The Outer Worlds finally has a Switch release date, and we now know it will be the latest title to screw gamers over with its 'physical' copy.
The Outer Worlds finally has a release date on Nintendo Switch. Obsidian’s sci-fi RPG will be coming out digitally and physically on March 6, 2020. But there’s a problem with the physical release – it’s not actually a physical release.
You’ll get a case, but anyone who wants to buy a physical Switch cartridge of The Outer Worlds is out of luck. Instead, you’ll open the case to find a download code.
What a scummy thing to do.
The case will include a warning that it doesn’t contain a cartridge. But then why call it a “physical” release at all?
Does Private Division, the publisher for the Switch version, think that collectors will want an empty case?
Here’s a hint: They don’t.
Who in their right mind gets excited to buy an empty game case?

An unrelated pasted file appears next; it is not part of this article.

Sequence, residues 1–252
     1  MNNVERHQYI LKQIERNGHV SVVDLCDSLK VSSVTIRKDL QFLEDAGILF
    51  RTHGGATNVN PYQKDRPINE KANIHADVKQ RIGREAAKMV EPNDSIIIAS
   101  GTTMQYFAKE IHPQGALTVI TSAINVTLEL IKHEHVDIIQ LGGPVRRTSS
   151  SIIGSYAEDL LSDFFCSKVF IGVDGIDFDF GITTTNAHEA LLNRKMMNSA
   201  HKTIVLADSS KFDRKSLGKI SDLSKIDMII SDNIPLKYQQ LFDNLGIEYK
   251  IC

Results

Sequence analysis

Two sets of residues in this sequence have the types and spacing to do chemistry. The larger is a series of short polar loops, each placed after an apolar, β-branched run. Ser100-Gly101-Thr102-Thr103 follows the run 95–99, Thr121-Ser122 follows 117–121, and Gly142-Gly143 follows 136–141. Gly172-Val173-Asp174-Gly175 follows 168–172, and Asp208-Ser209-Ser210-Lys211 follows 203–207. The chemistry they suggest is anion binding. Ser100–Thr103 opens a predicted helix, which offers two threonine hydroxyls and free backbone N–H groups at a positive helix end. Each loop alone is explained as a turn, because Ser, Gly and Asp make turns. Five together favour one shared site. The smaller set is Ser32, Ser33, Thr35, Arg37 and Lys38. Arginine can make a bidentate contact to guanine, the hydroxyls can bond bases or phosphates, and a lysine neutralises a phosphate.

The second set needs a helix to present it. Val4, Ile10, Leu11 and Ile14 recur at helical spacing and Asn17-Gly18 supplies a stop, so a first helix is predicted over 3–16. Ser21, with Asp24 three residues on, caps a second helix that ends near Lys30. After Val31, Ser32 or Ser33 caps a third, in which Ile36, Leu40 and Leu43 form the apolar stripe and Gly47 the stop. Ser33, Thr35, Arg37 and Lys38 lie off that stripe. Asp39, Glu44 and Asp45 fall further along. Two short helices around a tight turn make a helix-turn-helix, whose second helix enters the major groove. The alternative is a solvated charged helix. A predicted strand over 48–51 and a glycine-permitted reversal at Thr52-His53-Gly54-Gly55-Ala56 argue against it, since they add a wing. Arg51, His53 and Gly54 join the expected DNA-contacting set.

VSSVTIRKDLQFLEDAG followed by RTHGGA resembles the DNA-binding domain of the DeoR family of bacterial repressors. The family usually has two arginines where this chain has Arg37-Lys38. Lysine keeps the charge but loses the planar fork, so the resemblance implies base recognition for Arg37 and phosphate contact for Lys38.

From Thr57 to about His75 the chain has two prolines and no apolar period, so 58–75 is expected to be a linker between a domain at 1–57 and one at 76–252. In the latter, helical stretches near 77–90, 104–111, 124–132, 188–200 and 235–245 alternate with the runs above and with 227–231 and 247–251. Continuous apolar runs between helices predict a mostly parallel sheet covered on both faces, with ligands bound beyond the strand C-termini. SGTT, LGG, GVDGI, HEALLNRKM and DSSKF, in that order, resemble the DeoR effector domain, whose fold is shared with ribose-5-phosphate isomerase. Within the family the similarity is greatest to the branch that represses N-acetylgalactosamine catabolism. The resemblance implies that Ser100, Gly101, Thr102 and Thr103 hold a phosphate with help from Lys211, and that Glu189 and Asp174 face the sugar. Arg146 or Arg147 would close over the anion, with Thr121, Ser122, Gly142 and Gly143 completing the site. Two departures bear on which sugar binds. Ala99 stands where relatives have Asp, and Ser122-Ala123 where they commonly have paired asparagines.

The shameless bait-and-switch isn’t the only problem with this “physical” release of The Outer Worlds.
It also forces customers to pay more than the sticker price to play their games.
The digital download requirement means that Switch owners must buy an SD card to play The Outer Worlds, which they’re already shelling out $60 for.
The worst part is it’s completely unnecessary!
The Outer Worlds isn’t the only Nintendo Switch title to give short-shrift to gamers with a not-so-physical release.
The same thing happened with Wolfenstein: Youngblood, whose 20.60 GB file size would have easily fit on a Switch cartridge.
And you can’t talk about awful Switch releases without mentioning Capcom. A developer that loves to screw over Switch owners by splitting its physical releases between cartridges and download codes.
The fact that gamers know it doesn’t have to be this way only adds insult to injury.
CD Projekt Red proved this definitely by releasing The Witcher 3 and all of its DLC on a single cartridge.
We know the future is going digital, but publishers need to acknowledge that it’s not here yet.
Disclaimer: The opinions expressed in this article do not necessarily reflect the views of CCN.com.
This article was edited by Josiah Wilmoth.